The other day as I was walking on the Greenwich riverside, I saw a bunch of guys shooting a film. It was only a small group: two young men behind a lightweight camera and three actors in 1940s costume, maybe doing a student production. They didn’t have any gear aside from a few props, so most people walked past without even noticing.
I sat on a bench for a while, listening to the waves coming onto the beach below. I could barely hear the actors in the background. Between each take a handful of tourists went by; next to me a young couple was making phone reservations. Down below the tide was coming in, gently depositing bits of wood and the odd plastic bottle on the sand. Life went on as usual.
As a self-confessed addict to TV series, I’m the first one to get sucked into what goes on inside the frame, as if my life depended on it. I hate to think that the characters I’ve come to see as friends are actually actors who may have nothing at all to do with each other off screen. I don’t like that whole worlds are just a set – or worst, special effects. I’m still a bit upset from when I found out the entire pirates show Black Sails was shot on green screen (as if it wasn’t bad enough they’re not real pirates!).
So seeing this simple film being made – which to its viewers, will look like the life of real people in 1940s London – brought home the true meaning of that old expression “you need to reframe the problem”: that is, you need to look beyond what’s in the frame, because whatever you’re focusing on isn’t the whole picture. It may not even be real, and just like my actors working on the riverside, life goes on around it regardless.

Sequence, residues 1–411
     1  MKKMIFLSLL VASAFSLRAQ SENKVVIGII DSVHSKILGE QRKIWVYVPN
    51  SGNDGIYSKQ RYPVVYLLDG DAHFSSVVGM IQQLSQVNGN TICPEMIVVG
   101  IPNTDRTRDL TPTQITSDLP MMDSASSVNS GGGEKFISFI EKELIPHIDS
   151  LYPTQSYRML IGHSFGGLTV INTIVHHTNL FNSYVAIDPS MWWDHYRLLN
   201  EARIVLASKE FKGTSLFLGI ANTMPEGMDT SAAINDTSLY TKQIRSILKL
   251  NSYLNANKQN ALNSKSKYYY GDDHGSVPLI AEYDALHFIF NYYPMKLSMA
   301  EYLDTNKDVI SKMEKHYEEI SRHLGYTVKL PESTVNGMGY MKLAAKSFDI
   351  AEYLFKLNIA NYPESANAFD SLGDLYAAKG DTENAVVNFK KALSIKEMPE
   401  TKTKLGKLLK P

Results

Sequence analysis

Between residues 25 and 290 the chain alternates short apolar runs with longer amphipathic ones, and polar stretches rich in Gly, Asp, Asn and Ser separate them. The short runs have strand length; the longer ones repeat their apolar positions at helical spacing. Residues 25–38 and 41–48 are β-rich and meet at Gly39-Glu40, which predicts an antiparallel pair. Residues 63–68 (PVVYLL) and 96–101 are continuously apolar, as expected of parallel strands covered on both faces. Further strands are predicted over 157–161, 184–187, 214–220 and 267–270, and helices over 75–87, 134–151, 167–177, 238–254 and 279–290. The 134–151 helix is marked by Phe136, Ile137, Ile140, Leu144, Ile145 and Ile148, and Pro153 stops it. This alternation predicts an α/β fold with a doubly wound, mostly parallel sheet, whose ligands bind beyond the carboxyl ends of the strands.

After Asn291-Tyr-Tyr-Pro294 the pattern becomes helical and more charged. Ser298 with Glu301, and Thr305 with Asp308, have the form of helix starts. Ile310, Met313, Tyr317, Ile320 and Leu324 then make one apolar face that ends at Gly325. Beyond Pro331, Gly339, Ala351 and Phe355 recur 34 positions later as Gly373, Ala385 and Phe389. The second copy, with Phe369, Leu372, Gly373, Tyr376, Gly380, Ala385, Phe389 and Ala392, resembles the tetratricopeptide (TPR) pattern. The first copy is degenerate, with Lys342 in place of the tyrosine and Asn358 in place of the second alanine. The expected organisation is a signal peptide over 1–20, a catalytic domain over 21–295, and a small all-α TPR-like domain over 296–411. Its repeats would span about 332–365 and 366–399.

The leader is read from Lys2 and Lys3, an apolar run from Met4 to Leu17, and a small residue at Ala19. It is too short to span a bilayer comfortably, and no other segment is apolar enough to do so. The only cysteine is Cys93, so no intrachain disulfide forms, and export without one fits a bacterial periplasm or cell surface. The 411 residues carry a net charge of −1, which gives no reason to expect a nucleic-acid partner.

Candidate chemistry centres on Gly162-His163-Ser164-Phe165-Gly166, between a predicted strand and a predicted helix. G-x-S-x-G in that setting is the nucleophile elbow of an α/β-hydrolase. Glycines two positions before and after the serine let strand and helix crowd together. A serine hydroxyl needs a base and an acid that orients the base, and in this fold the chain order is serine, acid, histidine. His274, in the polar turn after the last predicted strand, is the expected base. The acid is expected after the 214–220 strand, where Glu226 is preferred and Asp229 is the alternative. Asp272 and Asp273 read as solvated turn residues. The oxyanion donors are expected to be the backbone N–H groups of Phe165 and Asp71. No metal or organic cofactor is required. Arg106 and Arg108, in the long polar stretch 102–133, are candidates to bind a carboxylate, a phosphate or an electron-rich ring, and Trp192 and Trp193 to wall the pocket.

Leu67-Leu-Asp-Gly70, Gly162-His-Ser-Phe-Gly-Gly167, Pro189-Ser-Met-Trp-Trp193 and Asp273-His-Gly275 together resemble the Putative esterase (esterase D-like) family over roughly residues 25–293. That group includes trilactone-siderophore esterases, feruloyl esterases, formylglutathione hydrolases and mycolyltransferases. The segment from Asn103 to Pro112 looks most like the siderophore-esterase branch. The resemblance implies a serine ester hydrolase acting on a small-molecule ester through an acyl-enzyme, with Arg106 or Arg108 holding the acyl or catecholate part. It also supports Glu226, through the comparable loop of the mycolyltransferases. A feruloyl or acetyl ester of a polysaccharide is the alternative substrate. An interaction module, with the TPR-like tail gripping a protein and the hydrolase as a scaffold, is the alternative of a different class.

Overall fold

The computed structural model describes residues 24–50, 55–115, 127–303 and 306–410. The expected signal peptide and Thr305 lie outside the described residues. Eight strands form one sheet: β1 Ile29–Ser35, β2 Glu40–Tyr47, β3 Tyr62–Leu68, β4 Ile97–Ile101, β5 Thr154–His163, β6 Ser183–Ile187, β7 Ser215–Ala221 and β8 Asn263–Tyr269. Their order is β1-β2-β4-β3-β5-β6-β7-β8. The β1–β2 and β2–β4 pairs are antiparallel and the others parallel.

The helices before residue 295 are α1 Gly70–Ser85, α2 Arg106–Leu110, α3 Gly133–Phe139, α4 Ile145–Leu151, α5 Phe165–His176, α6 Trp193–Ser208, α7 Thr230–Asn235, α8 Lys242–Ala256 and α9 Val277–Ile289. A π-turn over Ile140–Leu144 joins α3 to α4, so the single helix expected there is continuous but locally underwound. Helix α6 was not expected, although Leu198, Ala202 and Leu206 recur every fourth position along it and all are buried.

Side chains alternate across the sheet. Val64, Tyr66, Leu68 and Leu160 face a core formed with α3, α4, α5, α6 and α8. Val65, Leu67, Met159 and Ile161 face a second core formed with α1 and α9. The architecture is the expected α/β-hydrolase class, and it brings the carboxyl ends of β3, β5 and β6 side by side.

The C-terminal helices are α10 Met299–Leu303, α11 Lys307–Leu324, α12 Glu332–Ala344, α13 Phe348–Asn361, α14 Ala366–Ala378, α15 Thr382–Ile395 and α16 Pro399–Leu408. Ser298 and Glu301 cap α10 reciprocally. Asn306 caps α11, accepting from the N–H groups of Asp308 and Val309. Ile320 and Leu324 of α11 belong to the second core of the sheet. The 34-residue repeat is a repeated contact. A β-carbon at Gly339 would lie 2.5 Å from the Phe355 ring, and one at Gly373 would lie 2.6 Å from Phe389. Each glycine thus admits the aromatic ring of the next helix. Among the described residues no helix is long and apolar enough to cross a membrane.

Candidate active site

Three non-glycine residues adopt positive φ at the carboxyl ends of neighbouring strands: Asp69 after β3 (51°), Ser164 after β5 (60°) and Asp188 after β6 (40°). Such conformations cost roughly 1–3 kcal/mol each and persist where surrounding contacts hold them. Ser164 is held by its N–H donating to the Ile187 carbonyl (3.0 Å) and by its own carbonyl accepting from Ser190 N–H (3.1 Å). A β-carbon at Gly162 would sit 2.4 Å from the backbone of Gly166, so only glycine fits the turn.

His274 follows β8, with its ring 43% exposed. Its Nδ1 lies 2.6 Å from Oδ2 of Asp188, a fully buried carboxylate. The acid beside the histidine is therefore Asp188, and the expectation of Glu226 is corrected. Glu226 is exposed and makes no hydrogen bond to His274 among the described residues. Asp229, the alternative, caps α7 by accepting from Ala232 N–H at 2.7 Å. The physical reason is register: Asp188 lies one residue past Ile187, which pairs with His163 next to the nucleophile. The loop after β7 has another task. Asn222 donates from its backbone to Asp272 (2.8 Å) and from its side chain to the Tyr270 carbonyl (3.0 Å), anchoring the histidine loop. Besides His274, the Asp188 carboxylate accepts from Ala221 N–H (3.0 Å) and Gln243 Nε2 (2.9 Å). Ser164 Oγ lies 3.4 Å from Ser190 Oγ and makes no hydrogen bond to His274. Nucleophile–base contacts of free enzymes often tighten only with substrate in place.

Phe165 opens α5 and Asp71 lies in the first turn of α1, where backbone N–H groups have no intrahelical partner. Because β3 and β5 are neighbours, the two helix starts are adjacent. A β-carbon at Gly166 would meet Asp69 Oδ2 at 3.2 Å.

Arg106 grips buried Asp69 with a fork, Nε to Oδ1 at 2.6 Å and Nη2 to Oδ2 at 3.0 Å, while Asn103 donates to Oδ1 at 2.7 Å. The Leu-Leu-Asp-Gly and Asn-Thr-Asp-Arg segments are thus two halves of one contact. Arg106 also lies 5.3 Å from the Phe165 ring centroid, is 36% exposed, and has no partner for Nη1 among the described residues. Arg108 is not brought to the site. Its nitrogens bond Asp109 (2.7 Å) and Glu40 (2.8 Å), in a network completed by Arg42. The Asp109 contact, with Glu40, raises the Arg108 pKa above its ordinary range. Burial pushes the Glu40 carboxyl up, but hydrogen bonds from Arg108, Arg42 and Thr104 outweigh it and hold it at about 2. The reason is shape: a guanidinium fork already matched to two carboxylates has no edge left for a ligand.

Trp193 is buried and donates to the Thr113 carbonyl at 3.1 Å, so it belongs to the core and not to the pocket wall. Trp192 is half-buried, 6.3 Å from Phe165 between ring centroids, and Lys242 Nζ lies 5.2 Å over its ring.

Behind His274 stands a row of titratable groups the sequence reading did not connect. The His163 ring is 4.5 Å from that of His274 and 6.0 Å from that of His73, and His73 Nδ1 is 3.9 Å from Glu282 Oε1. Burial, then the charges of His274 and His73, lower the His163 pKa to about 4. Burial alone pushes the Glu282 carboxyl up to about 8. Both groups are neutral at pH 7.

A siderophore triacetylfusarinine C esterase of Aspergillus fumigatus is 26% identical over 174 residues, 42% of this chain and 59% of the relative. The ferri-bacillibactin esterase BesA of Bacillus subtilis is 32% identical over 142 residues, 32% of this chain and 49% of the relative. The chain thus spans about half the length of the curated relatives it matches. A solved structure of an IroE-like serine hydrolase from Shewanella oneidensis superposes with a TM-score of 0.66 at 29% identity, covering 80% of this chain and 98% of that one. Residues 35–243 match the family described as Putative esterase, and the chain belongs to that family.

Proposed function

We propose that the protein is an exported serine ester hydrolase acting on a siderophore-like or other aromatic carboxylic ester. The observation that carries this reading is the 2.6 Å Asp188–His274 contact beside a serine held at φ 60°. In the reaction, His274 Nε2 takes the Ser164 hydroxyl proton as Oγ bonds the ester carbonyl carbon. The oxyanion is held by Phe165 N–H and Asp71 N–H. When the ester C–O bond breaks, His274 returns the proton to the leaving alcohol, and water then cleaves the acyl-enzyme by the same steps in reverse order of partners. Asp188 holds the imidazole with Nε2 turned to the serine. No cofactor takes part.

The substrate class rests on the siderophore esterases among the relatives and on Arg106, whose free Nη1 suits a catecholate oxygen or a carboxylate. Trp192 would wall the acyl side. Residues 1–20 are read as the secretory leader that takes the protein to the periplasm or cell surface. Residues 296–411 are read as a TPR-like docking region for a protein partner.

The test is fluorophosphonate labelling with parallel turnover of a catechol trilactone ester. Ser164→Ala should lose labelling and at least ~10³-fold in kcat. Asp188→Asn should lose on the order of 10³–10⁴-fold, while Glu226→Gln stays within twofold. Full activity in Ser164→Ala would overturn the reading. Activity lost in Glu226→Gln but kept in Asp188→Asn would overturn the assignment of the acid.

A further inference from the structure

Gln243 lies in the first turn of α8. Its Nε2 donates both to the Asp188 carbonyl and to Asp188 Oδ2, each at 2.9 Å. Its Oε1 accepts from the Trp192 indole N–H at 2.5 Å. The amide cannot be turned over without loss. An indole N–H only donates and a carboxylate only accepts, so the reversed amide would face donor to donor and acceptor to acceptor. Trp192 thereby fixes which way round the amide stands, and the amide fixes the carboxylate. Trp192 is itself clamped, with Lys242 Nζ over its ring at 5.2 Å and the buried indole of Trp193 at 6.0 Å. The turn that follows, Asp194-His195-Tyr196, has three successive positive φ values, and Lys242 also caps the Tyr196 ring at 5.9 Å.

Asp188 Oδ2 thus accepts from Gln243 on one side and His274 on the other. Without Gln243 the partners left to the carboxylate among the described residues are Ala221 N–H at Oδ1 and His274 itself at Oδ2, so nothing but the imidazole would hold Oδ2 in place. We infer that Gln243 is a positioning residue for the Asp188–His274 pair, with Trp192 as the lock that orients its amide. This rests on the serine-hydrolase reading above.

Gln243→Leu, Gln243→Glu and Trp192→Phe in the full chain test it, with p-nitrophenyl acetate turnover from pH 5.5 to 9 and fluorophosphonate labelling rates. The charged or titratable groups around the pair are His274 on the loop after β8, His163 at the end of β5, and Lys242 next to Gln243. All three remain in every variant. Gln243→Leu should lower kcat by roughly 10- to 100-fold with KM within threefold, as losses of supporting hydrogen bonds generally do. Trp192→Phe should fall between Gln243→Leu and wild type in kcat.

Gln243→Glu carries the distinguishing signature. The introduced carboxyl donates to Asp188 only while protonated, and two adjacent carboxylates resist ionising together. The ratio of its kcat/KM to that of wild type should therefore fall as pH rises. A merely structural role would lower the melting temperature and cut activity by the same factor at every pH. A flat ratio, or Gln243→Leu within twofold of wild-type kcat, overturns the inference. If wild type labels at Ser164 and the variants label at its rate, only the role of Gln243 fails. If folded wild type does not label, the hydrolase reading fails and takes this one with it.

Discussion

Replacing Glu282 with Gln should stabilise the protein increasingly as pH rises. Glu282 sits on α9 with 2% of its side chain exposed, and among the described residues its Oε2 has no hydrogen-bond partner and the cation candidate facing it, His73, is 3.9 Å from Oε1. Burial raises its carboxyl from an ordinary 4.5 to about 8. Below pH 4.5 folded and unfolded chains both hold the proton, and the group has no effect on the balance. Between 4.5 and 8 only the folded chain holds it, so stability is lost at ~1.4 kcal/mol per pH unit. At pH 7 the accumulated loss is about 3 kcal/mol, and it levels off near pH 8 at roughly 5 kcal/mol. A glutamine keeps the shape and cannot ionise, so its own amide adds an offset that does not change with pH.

In the TV show of my life at the moment – the one where I’m the writer, director and main character all rolled in one – the main plot this season is about financial security, and the ups and downs of being jobless.
In one sub-plot, my character is scared of what will happen when her ex-partner stops supporting her financially. It’s not the main story, but one you know is there somewhere in the background, waiting to reappear and create chaos. Will she be broke, will she need to move out, will she be homeless? In the latest episode, it finally happened: the support stopped without any warning. One day she gets a call from the estate agents saying that half the rent wasn’t paid. *Gasp*. The ex-partner isn’t answering anyone’s calls or emails: not the agents’, not hers. It’s not explicitly said, but the viewer understands they will probably never speak to each other again.
In actual life, this is how the plot unfolded: precisely nothing happened. Nothing at all changed other than I stressed out for half a day, after which I decided a bit more debt or a bit less wouldn’t make a huge difference, and I went on to have lunch with a friend, who kindly invited me on her expenses account (bless her employer).
It was a good reminder that my own personal drama, probably like yours, only ever happens if I’m so sucked into my own story in the small “frame” in front of me that I forget there’s a whole life around it. If I reframe, I always know that nothing is that disastrous. More often than not, rigorously nothing is really at stake.
As my former boss used to say in rare instances of major disasters: “oh well, nobody died”. And anyway as we all know, even when someone does, life will go on regardless. The only show we really shouldn’t get addicted to is our own.